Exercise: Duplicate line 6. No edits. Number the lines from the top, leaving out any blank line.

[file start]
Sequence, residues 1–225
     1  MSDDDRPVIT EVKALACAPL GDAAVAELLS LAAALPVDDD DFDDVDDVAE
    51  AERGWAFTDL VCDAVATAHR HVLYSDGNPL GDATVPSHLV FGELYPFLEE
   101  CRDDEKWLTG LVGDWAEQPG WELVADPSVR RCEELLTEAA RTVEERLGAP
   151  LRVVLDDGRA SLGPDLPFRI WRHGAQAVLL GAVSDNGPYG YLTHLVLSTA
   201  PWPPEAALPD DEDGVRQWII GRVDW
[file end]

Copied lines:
   201  PWPPEAALPD DEDGVRQWII GRVDW